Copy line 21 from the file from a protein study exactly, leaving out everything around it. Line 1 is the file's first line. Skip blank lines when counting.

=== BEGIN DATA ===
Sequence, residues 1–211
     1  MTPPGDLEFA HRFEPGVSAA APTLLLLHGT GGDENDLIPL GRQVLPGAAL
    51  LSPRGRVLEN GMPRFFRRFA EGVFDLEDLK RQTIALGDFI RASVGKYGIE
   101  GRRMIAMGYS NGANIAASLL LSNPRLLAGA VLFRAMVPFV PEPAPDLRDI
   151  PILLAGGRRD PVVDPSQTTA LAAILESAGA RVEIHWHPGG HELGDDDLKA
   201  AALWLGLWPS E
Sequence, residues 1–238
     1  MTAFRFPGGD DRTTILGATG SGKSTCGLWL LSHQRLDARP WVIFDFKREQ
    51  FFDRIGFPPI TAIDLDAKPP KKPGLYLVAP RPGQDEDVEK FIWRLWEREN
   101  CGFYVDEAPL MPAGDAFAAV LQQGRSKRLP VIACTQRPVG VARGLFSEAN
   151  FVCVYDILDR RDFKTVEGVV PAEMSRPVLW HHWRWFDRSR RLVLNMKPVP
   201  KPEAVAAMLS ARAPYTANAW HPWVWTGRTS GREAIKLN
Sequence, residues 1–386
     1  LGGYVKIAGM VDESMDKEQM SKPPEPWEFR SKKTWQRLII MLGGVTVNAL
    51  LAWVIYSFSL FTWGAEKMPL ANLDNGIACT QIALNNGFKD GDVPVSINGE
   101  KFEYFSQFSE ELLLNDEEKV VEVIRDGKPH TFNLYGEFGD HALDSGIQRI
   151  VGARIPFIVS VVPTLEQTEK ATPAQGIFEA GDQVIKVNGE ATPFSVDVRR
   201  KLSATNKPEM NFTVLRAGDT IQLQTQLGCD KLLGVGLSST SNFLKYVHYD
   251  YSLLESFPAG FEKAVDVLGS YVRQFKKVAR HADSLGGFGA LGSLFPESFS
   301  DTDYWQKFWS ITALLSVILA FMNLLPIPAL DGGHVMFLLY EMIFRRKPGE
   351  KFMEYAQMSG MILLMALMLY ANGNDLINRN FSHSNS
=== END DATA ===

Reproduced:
   351  KFMEYAQMSG MILLMALMLY ANGNDLINRN FSHSNS